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How to Set Up Code::Blocks to Compile and Build C/C++ Programs in Windows

Code::Blocks is a useful IDE that can include compilers for C and C++. In order to use Code::Blocks for C/C++, there are two things to install and one to configure:
1. Download and install the gcc compiler by installing MinGW as described in this article 
2. Download and install Code::Blocks from this site. A link to nightly builds is provided in case you want to try a very recent build but read the documentation first. Some versions come with the MinGW compiler and some do not. In this article, we assume you downloaded the version without MinGW.
3. Configure the compiler and build tools in Code::Block

How to Configure Code::BlocksWhen you install Code::Blocks, it tries to detect the compiler. There is a long list of compilers it can use but our interest is MinGW and Cygwin because they are the most reliable, updated open source C/C++ compilers for Windows. For Linux, gcc is a core part of the OS and is installed by default.

To configure Code::Blocks for MinGW proceed as follows:
1. Launch…
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Compiling and Building C/C++ Programs in Windows with MinGW Compiler

The most popular open source C/C++ compilers for Windows are MinGW and Cygwin. MinGW is much less tedious to install hence I will start with this. Cygwin? Let's do that another day...

Process of Installing MinGW
1. Locate the MinGW installer (let's assume 64bit)
2. Download
3. Run installer (assume on C:/MinGW folder
4. Configure PATH
5. Test

How to Compiler and Build  a C/C++ Program1. Write the source and save in desired folder (e.g. Hello.c)
2. Change directory to the one containing the source file
3. Run the Command Prompt, Power Shell or other shell such as Git BASH in this folder. [Shift+Right-Click will bring up a popup to allow the first two shells. Right-Click will allow you to run the Git BASH. See details below).
4. Issue the compiler command: gcc -o hello.exe hello.c  which means: Compile source file called Hello.c and name the output file Hello.exe
5. Run the output file as follows: ./Hello 

Locate MinGW Installer Google "mingw64" to locate the 64-bit version (32-bi…

How to Install Visual Basic 2017 Offline

This page offers a way to avoid the long and error-prone online installation of Visual Studio which is a massive package. Our interest is limited to Visual Basic and ASP.Net. One can, later, add other tools such as C# and C++. In this page, "VS" refers to Visual Studio.

Installing Visual Basic 2017 Offline is not a simple process because Visual Basic 2017 is a part of Visual Studio 2017 that comes as one huge package (up to 35GB) in three versions:
Community Edition (Free)Professional Edition (intended for a few people)Enterprise (intended for larger software teams) Visual Studio by default uses a web-based install process that starts by downloading one of three the bootstrapper package from the VS download page.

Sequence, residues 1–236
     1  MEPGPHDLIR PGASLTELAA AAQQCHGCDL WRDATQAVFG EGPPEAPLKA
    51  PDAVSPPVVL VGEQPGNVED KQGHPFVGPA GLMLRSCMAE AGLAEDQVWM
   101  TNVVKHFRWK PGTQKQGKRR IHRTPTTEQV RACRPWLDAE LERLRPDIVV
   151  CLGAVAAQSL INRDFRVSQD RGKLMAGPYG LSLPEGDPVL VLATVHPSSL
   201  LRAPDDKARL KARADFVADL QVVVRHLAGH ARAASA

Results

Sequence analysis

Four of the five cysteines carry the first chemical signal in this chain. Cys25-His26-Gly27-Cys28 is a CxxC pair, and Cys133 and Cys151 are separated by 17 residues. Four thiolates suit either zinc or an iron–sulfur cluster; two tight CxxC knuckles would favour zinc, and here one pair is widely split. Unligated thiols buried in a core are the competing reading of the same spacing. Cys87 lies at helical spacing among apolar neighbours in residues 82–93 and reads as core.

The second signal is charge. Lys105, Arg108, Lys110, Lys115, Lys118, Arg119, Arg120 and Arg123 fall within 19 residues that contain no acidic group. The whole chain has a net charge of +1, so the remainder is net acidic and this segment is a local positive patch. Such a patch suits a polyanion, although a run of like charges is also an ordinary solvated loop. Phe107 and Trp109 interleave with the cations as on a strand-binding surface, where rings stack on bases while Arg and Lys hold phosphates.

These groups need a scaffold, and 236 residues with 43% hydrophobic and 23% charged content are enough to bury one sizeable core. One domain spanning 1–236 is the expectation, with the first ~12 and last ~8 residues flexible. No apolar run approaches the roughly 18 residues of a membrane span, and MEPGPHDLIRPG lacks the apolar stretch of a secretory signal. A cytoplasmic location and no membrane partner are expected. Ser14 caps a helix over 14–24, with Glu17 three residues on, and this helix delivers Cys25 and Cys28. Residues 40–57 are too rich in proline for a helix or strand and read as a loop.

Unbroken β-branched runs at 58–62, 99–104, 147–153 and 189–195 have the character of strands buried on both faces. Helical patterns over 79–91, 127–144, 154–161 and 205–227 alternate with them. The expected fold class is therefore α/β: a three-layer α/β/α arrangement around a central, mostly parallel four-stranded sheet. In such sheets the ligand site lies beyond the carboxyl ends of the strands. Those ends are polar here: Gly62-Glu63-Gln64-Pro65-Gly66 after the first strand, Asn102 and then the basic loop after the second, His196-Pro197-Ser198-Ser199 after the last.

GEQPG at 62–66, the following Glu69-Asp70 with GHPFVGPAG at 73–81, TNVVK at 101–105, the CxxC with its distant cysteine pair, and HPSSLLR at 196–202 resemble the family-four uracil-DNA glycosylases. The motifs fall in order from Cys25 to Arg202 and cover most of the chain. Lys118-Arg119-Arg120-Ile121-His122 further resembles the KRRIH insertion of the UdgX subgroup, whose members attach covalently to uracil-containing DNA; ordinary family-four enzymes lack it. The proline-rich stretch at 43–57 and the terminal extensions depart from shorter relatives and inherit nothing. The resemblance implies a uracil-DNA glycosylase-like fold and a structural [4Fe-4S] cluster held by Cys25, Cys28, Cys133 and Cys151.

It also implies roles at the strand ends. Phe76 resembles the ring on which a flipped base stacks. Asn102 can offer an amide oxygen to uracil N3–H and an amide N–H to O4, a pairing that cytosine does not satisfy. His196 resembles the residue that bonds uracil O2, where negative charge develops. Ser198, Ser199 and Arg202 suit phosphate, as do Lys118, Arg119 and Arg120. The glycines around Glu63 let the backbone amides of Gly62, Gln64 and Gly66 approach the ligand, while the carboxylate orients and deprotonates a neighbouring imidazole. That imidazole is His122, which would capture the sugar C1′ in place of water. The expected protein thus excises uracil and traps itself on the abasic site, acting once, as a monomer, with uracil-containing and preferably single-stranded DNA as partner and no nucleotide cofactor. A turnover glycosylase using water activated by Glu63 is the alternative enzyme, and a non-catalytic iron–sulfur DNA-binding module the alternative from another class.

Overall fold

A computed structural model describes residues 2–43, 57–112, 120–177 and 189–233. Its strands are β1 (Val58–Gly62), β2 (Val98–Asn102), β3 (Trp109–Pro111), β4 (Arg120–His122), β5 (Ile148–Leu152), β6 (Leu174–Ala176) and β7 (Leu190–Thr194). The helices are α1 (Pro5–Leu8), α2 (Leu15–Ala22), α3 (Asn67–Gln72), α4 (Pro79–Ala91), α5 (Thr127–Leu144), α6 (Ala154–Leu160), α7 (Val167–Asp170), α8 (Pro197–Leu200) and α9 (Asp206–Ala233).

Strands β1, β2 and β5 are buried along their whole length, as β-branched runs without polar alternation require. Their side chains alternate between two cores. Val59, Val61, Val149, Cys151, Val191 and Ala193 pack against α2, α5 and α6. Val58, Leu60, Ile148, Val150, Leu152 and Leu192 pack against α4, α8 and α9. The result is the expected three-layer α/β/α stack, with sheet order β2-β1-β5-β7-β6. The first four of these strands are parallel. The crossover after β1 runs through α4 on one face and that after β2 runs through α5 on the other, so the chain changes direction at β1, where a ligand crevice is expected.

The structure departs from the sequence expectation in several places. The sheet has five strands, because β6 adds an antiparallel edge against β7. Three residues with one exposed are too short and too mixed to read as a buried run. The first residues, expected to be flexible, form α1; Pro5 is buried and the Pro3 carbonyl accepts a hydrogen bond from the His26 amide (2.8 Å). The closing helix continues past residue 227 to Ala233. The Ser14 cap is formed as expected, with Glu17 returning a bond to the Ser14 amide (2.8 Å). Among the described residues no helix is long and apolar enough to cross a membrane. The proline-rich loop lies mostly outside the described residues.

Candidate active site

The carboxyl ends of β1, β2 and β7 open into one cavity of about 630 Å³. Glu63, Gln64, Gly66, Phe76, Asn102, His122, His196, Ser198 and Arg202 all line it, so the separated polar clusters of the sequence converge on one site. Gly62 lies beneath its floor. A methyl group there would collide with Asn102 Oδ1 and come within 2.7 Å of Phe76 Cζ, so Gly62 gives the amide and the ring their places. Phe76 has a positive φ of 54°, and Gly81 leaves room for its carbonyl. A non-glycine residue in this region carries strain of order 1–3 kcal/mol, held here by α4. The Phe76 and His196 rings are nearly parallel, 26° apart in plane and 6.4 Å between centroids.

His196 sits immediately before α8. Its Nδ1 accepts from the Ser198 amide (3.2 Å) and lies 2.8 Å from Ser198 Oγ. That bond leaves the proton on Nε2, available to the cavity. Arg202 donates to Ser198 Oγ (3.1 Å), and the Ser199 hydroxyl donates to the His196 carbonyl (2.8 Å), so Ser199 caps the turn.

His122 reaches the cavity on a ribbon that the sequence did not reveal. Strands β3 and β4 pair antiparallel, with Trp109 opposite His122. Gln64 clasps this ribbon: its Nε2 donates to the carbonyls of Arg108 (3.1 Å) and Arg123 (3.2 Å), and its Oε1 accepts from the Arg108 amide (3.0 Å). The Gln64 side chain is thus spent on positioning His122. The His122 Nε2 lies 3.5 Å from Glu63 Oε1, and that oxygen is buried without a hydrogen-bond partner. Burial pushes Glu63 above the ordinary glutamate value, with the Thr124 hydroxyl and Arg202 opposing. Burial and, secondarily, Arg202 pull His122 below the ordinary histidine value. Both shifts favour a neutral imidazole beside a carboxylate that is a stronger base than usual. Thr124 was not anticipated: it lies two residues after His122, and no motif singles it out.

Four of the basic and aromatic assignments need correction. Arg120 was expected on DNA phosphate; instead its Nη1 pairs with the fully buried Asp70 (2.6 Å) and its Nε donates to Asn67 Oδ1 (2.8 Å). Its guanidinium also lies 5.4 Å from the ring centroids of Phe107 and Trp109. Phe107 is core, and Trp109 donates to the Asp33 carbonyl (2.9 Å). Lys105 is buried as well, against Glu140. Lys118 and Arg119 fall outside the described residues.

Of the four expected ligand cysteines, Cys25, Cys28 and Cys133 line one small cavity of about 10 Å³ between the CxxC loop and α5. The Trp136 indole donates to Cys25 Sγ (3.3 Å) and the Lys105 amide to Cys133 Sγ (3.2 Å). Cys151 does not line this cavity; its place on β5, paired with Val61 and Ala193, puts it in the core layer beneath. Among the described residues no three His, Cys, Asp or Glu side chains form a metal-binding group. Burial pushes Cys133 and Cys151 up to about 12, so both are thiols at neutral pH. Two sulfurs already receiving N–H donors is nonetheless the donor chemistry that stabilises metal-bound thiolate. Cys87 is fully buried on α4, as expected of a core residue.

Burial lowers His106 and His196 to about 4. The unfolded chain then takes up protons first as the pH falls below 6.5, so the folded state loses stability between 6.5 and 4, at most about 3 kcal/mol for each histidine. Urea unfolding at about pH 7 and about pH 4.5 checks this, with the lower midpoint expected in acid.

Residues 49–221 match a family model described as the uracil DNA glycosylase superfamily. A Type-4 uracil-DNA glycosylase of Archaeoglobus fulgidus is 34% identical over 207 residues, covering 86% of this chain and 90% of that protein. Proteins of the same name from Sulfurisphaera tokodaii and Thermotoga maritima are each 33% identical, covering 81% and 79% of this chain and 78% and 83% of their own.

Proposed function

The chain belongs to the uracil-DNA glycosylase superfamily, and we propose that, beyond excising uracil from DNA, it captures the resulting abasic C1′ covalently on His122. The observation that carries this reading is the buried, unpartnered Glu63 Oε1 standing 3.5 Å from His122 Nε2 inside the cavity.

When you run the bootstraper, it will initiate download of the Visual Studio components that may be up to 35GB in size and takes a very long time to complete. The purpose of this page is to explain how to avoid the headache of this long and tedious process that can ea…

Definition of ICT

It seems that ICT is not satisfactorily defined out there hence, I offer a definition:

Information and Communication Technology (ICT) is a confluence of  information technologies such as software and electronics devices as well as communication technologies that include all manner of computer and telecommunication networks that enable the acquisition,  access, retrieval, storage, analysis, transmittal, and manipulation of information in analogue or digital form. - J M Githeko, 23-8-2017

VB in 2017

Visual Basic has been around a long time. The Basic language was developed starting 1964 by  John G. Kemeny of Dartmouth College in New Hampshire, United States.  Microsoft started developing Visual Basic in 1990. VB 1.0 was released in 1991. The life of the original VB ended in 2008 when Microsoft stopped supporting VB 6.0

In 2002, When DOT NET came along, VB.Net was launched as part of Visual Studio .Net, the new IDE that was fully Object Oriented. As time went on a number of versions of the .Net framework developed including the Windows-only, Windows Store, WinRT(?), Mono and MonoTouch. Now 15 years later, Microsoft has moved to create a unified DOT NET framework that tries to merge all the different DOT NET frameworks into one framework called Dot  Net Core. Due to the usual pressure for backward compatibility, MS has promised that VB will continue to live and that DOT NET Core will accommodate the older versions. However, its clear that  MS wants to change tack. 

For example, DOT N…